July 14, 2017

Macro Photos at a Bargain for Sony E-Mount APS-C Cameras

Since some time I think about getting a macro lens for my Sony 5100 (E-mount, APS-C). The reason is quite simple: you are not always at interesting places where it is worth taking photos. But with a macro lens you can take nice pictures of insects, flowers, small objects, leaves, mushrooms, … quite everywhere.

My problem has been so far that there is no lens for my camera that really excites me. You can either get the Sony 30mm macro lens for something like 250 EUR, or two Sony macro lenses for full frame cameras. These should work on a crop sensor camera as well. As much as I know there are no further alternatives to these lenses either made by Sony or other brands. Unfortunately, the “full frame” lenses cost more than I am willing to spend, and the 30mm has the huge drawback that you need to get very close to your object to get a macro shot. With “close” I mean 3cm-from-object-to-lens-close. Try that with a shy insect. Or try that without casting a shadow on your object. Furthermore, the 30mm lens is not optically stabilized, which I think is quite bad for a macro lens. Typically, you do not use macro lenses “wide open” as the small distance from object to lens causes an extreme shallow depth of view. Hence you have to step down to something like ƒ/12 (or less) to increase the depth of view. But this trick causes longer exposure times which increase the risk of shaky photos when there is not much light. Hence, an optical stabilization system would be beneficial…

So what are the alternatives to a real macro lens?

Years ago when I still had my Nikon DSLR, I bought myself an achromatic close-up lens. Such things are screwed on top of a “normal” photo lens like an pretty fat UV filter. The effect of achromatic lenses is that your normal photo lens is still able to focus when you are very very close to the object you want to photograph. Although I bought the best achromatic lens I could get (Marumi DHG achromat, around 60 EUR in 55mm size), I did not really like the results. The pictures were not really sharp, and there were strange ghosting effects and chromatic aberrations. Another drawback of such a screw-on lens it that you can only use that thing on a lens with the matching diameter. As I wasn’t happy with this thing I sold it together with the Nikon camera.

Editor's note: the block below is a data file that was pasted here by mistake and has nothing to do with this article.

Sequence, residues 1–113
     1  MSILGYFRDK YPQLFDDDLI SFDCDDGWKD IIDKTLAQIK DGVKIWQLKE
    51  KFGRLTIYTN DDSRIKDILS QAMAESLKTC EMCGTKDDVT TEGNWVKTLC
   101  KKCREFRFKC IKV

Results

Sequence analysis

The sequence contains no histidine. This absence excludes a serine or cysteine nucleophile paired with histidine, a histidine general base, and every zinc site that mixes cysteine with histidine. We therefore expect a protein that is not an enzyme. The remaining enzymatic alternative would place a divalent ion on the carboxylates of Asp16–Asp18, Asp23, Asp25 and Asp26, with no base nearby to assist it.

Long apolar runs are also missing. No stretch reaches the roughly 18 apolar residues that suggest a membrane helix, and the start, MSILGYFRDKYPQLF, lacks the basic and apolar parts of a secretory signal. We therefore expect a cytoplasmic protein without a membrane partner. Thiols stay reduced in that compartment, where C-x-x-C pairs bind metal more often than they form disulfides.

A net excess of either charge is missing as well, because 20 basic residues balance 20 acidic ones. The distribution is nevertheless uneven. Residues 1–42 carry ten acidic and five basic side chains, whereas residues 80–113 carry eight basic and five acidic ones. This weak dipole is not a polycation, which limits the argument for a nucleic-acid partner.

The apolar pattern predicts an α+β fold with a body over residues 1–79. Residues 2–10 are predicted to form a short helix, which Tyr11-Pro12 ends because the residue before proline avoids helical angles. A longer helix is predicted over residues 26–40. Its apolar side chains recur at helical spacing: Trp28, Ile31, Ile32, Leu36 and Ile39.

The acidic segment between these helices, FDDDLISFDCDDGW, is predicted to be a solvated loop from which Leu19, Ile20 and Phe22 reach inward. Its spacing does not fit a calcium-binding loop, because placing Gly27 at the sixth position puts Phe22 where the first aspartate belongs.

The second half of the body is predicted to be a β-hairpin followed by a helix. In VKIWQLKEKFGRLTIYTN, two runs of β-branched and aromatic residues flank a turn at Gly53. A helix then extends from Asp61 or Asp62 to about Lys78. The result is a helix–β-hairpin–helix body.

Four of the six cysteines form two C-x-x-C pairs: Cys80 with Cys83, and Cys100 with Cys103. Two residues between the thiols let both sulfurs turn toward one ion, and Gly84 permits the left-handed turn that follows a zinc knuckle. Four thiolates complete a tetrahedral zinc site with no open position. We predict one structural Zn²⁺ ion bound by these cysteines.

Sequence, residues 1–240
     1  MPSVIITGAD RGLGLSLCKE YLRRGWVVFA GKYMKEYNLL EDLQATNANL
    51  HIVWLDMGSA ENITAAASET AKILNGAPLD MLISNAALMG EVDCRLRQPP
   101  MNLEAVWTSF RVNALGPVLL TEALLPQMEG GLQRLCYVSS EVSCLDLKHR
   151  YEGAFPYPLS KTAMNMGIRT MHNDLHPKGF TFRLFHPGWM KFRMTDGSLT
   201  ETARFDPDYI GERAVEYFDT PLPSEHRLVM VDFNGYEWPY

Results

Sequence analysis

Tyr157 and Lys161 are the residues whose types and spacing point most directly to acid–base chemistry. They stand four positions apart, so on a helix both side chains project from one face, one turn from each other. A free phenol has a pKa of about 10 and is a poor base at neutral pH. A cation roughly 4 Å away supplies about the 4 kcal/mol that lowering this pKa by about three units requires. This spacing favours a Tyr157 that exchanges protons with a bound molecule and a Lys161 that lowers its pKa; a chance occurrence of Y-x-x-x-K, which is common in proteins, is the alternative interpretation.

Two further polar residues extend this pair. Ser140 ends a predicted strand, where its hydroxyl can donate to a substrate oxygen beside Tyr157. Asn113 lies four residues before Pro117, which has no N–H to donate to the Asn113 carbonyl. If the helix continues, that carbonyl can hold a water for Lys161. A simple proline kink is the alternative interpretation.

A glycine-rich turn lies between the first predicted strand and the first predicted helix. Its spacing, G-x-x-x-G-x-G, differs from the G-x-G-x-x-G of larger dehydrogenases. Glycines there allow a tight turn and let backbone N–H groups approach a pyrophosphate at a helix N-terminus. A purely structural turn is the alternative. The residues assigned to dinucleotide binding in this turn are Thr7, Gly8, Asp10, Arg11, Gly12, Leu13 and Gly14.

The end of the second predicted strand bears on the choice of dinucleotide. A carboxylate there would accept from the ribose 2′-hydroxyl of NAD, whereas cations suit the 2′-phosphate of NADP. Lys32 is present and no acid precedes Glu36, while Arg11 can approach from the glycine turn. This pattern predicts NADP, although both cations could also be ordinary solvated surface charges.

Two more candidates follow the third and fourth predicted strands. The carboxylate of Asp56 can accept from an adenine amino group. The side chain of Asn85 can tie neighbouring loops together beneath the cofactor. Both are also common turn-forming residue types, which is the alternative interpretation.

These days I stumbled upon something that was entirely new to me: macro extension tubes. These things are placed between the camera and photo lens like a tele converter. In contrast to a tele converter, the extension tube is just a hollow tube without any optics in it. Hence, you can get these tubes for less (!) than 30 EUR. As the achromatic lens discussed above, the distance rings allow you to get much closer to your object resulting in a macro shot. I immediately ordered a set of extension rubes manufactured by a company called Meike. So far I am pretty impressed with the results.

The best thing about these tubes is that they can be used with every photo lens you own. Furthermore, there are contact pins allowing the camera to communicate with the photo lens. Hence, auto-focus, optical stabilization, motor zoom, and data transfer from lens to camera (like focal length) works.

The manual is a little poor and I do not understand it fully. As you can see in the picture above, the extension tube is actually a pair of two extension tubes detachable from each other. When detached, you have a segment labeled with 10mm and a second one labeled with 16mm. In the manual I read that the 10mm segment shall be used together with photo lenses that have 10-15mm focal length. I tried that with my 12mm lens and couldn’t focus. Odd. As I was not sure if the numbers used in the manual need to be converted to APS-C by multiplication by 1.6 (12mm x 1.6 = 19.2) I also tried this lens with the 16mm segment, which shall be used with lenses between 16-25mm focal length. This did not work as well. Very odd.

Luckily, both segments combined work with my other lenses: Sony 16-50mm pancake, Sony 55-210mm tele zoom, and Sigma 30mm prime. I had some problems getting sharp shots indoors with the not optically stabilized Sigma. Many photos were just shaky due to the long exposure times. The other two lenses produced good results even indoors with low light. The first two photos were taken with the optically stabilized Sony 55-210mm tele zoom. The first one was shot at 76mm and ƒ/10 at a quite close distance to the basil leaf, maybe 8cm, …

… the second one was shot fully zoomed in to 210mm at ƒ/10 in at about 40 cm distance to the object. That distance should be fine for shots of insects on flowers, etc.

I was surprised how well the combo tubes + pancake lens (also stabilized) works. Here a photo zoomed in to 50mm at ƒ/11…

… and here one at 39 mm and ƒ/11. Apparently, zooming in to 30-40mm and getting really, really close to the object produces the best magnification results.

The last image is a cutout of above photo in full size. The detail is not outstanding but also not too shabby when taking into account that I only stepped down to ƒ/11.

Conclusion: After some initial tests I think the “extension tube work around” is a quite viable solution for Sony users that want to take macro shots. Furthermore, I prefer the extension tubes over an achromatic close-up lenses.

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